שאלת שוויון ההזדמנויות במערכות חינוך מעסיקה סוציולוגים וחוקרים נוספים במדעי החברה מזה עשרות שנים. אולם נדמה שבשנים האחרונות תחום זה זוכה לחשיפה הולכת וגוברת בתקשורת ובשיח הציבורי והפוליטי. ההבנה שהעשורים האחרונים שאופיינו ברפורמות ניאו-ליברליות ובדעיכתה של מדינת הרווחה הביאו עמם גידול מהיר באי-השוויון הכלכלי והחברתי יצרה עניין מחודש בשאלות ותיקות על השכלה ו(אי-)שוויון. אחת התובנות המרכזיות אותן פיתחו סוציולוגיים של החינוך במשך עשרות שנות מחקר היא שמערכות חינוך נוטות לשמר ולשעתק אי-שוויון חברתי יותר משהן מאפשרות את צמצומו. דפוס זה, החוזר על עצמו במדינות שונות ובתקופות שונות, מחייב הסתכלות מפוכחת על הציפיות הנאיביות לעיתים לפיהן המפתח ליצירת חברה שוויונית יותר נמצא בתחום החינוך וההשכלה. יחד עם זאת, מימרתו המפורסמת של קהלת "מַה שֶּׁהָיָה הוּא שֶׁיִּהְיֶה וּמַה שֶּׁנַּעֲשָׂה הוּא שֶׁיֵּעָשֶׂה וְאֵין כָּל חָדָשׁ תַּחַת הַשָּׁמֶשׁ" (קהלת פרק א' פסוק ט') אינה עומדת במבחן הממצאים האמפיריים של המחקר הסוציולוג-חינוכי. ראשית, השוואות בין מדינות שונות, ולעיתים גם בין מערכות חינוך שונות בתוך אותה המדינה (למשל בין חינוך כללי וחינוך דתי), מלמדות שלאופן שבו פועלים בתי הספר יכולה להיות השפעה ניכרת על מבנה ההזדמנויות ההשכלתיות. משמעות הדבר היא שאין להמעיט בחשיבותה של מדיניות חינוכית ככלי של המדינה להתמודדות עם פערים חברתיים. שנית, בניגוד למחקר המדעי מעולם הפיסיקה, למשל, המנסה לקבוע חוקים קבועים להבנת העולם שמסביבנו, מדעני חברה מצביעים דווקא על הדינאמיות של ההכללות הנמצאות בבסיס עבודתם. לדוגמה, המחקר הסוציולוגי מראה כי בעשורים האחרונים חל מהפך דרמטי באי-השוויון המגדרי בתחום ההשכלה. אם במחצית המאה העשרים גברים נהנו מיתרון ניכר על פני נשים בשנות השכלה ותארים אקדמיים הרי שבסוף המאה העשרים ניתן היה למצוא יתרון נשי בתחום זה נמצא ברוב המדינות המפותחות. קובץ מאמרים זה מבקש להציג בפני קוראי העברית תמונה רחבה ועדכנית של המחקר בנושא שוויון ההזדמנויות בחינוך. המחקרים אשר נאספו לספר זה שואלים שאלות מגוונות על פערים מעמדיים, אתניים, דתיים ומגדריים בשלבי לימוד שונים ובמערכות חינוך שונות. חלקם מציגים סקירות ספרות עדכניות וחלקם ממצאים מתוך מחקרים שנערכו בשנים האחרונות. מאמרים אלו מאפשרים לערוך היכרות עם הנושאים המרכזיים המעסיקים סוציולוגים ומדעני חברה נוספים אשר מתעניינים באי-שוויון השכלתי וכן עם מגוון של שיטות מחקר כמותיות אשר מהוות בסיס חשוב לתחום מחקרי זה. בין הכותבים בספר ניתן למצוא חוקרים מובילים בתחומם בעולם לצד חוקרים ישראלים צעירים.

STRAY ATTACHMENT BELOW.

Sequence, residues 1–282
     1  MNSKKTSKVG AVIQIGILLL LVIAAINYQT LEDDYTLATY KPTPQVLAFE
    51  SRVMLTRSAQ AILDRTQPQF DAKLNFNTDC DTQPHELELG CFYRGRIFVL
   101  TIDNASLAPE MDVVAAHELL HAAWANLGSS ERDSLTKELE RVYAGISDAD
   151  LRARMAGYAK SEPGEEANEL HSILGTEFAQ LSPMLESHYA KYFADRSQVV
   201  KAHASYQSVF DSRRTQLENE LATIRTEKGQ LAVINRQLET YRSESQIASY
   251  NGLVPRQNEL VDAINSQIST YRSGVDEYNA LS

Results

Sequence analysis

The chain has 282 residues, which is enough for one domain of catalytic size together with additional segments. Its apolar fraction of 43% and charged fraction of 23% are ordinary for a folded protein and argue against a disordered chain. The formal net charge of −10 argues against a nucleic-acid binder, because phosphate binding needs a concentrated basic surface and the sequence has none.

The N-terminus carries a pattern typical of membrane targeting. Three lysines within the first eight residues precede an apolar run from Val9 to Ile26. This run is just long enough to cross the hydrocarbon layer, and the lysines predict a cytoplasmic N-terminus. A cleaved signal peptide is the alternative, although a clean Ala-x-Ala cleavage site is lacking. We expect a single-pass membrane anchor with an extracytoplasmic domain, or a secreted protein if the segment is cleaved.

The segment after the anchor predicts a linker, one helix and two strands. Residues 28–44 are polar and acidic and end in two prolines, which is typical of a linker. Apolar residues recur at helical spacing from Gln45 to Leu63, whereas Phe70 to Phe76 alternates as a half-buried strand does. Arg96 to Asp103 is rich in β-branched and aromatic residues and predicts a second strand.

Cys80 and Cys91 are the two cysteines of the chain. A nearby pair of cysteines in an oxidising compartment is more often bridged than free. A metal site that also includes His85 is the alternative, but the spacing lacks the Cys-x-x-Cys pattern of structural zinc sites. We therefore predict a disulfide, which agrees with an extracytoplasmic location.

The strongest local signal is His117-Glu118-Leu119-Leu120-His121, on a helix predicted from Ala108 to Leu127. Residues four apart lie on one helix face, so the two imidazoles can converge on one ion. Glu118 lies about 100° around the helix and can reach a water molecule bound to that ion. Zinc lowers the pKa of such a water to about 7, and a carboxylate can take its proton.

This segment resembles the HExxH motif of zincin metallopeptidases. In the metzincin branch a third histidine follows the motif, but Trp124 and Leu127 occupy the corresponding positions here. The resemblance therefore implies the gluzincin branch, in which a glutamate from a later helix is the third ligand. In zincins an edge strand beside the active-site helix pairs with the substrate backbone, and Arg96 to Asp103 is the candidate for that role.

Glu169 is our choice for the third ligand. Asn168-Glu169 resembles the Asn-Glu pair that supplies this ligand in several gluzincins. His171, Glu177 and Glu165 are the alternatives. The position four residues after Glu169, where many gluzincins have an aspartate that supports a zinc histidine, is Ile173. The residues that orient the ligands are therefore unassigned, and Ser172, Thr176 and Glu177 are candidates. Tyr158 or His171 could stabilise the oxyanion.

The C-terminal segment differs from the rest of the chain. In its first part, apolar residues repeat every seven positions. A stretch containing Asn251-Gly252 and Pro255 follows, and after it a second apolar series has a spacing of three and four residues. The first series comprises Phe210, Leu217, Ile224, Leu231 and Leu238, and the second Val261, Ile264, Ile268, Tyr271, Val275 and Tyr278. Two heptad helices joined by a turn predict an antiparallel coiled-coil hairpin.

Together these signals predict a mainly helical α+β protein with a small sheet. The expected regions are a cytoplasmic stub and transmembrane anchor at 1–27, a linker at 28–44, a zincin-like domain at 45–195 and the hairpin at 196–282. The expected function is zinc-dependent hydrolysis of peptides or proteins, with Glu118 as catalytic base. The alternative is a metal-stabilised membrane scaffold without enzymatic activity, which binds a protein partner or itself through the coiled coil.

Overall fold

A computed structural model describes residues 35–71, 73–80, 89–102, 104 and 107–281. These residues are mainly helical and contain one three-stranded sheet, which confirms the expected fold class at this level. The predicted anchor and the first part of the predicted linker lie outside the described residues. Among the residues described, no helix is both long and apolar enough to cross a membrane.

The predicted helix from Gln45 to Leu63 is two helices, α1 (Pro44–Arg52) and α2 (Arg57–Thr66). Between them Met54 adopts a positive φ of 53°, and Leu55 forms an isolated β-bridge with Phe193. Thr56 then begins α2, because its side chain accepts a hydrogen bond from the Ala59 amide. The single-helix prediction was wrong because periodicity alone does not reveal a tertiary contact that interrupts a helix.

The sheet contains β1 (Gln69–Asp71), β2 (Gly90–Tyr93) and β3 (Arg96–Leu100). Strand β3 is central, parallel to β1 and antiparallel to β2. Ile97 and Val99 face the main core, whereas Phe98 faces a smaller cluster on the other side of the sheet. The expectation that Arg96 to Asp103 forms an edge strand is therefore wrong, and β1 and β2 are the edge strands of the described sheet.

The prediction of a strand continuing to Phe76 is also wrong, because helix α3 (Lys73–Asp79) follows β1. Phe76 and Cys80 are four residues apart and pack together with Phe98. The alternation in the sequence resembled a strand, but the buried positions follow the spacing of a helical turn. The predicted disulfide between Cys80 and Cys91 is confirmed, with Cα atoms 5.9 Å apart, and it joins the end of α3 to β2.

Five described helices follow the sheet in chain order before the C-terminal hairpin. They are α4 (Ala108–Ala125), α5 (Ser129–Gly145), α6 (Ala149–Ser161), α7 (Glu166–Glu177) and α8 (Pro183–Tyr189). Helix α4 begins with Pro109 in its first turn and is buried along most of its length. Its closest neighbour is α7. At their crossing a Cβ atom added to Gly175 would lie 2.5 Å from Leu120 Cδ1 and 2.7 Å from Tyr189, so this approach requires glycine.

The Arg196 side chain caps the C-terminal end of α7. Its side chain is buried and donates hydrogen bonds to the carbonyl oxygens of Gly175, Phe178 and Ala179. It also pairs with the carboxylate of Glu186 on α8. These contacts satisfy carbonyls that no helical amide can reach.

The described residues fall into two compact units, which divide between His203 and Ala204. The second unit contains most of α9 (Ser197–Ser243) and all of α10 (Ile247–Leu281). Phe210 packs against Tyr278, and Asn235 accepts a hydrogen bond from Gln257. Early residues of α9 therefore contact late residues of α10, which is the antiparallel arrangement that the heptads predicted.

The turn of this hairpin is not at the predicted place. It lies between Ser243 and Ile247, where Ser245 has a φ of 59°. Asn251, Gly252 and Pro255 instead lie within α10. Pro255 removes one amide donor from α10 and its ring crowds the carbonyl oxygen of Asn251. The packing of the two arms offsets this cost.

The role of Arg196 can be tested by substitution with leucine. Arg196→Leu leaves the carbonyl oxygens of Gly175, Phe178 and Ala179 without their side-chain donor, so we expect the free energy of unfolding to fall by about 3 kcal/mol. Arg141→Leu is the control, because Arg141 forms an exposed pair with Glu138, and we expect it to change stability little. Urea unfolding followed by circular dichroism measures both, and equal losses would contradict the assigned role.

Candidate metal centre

פרקים בספרים

1.      פניגר, יריב. 2017.  יחסם לבית הספר, שאיפותיהם העתידיות והישגיהם של תלמידים מקבוצות מיעוט בישראל. בתוך: ר. ארביב-אלישיב, י. פניגר וי. שביט יש סיכוי לשינוי: תאוריה ומחקר עדכני על שוויון הזדמנויות בחינוך. תל אביב: הוצאת מכון מופ"ת.

הבחנה בין מיעוטים מרצון ושלא מרצון משמשת במאמר זה כנקודת מוצא לדיון בקשר שבין עמדות, שאיפות והישגים בקרב קבוצות מיעוט במערכת החינוך בישראל. על פי הבחנה זו תלמידים המשתייכים לקבוצות חברתיות שהפכו למיעוט בניגוד לרצונן נוטים לפתח התנגדות כלפי בתי הספר וכתוצאה מכך נפגעים הלמידה והישגיהם שלהם. לעומתם, תלמידים ממשפחות של מהגרים (מיעוט מרצון) נוטים להיות אופטימיים ביחס לסיכויי הצלחה שלהם בחברה הקולטת ולפיכך עמדותיהם כלפי מערבת החינוך חיוביות ושאיפותיהם והישגיהם גבוהים יחסית. על בסיס נתונים ממחקר פיז"ה (PISA) הבינלאומי משנת 2006 נערכה השוואה בין תלמידים יהודים ילידי הארץ, עולים חדשים מברה"מ לשעבר ותלמידים ערבים ביחס לעמדותיהם כלפי בית הספר, שאיפותיהם לעסוק בתחום מדעי בעתיד והישגיהם במבחן במדעים. ממצאי המחקר מראים כי בניגוד לטענה התיאורטית העמדות של התלמידים הערבים היו החיוביות ביותר ביחס לבית הספר ושאיפותיהם הגבוהות ביותר, אולם, הישגיהם נמוכים בהרבה מאלו של התלמידים היהודים (ותיקים ועולים). בקרב תלמידים מקבוצה זו לא נמצא קשר בין שאיפות להישגים בעוד שבקרב שתי הקבוצות האחרות קשר זה התקיים כמצופה. ביחס לעולים מברה"מ לשעבר נמצא כי שאיפותיהם והישגיהם גבוהים יותר מאלו של תלמידים יהודים שנולדו בארץ גם לאחר פיקוח על משתני רקע משפחתי.

 

2.      מקדוסי, עודד ויריב פניגר. 2017. פערים דתיים ועדתיים בהשכלה הגבוהה בישראל: הממד האנכי והממד האופקי. בתוך: ר. ארביב-אלישיב, י. פניגר וי. שביט יש סיכוי לשינוי: תאוריה ומחקר עדכני על שוויון הזדמנויות בחינוך. תל אביב: הוצאת מכון מופ"ת.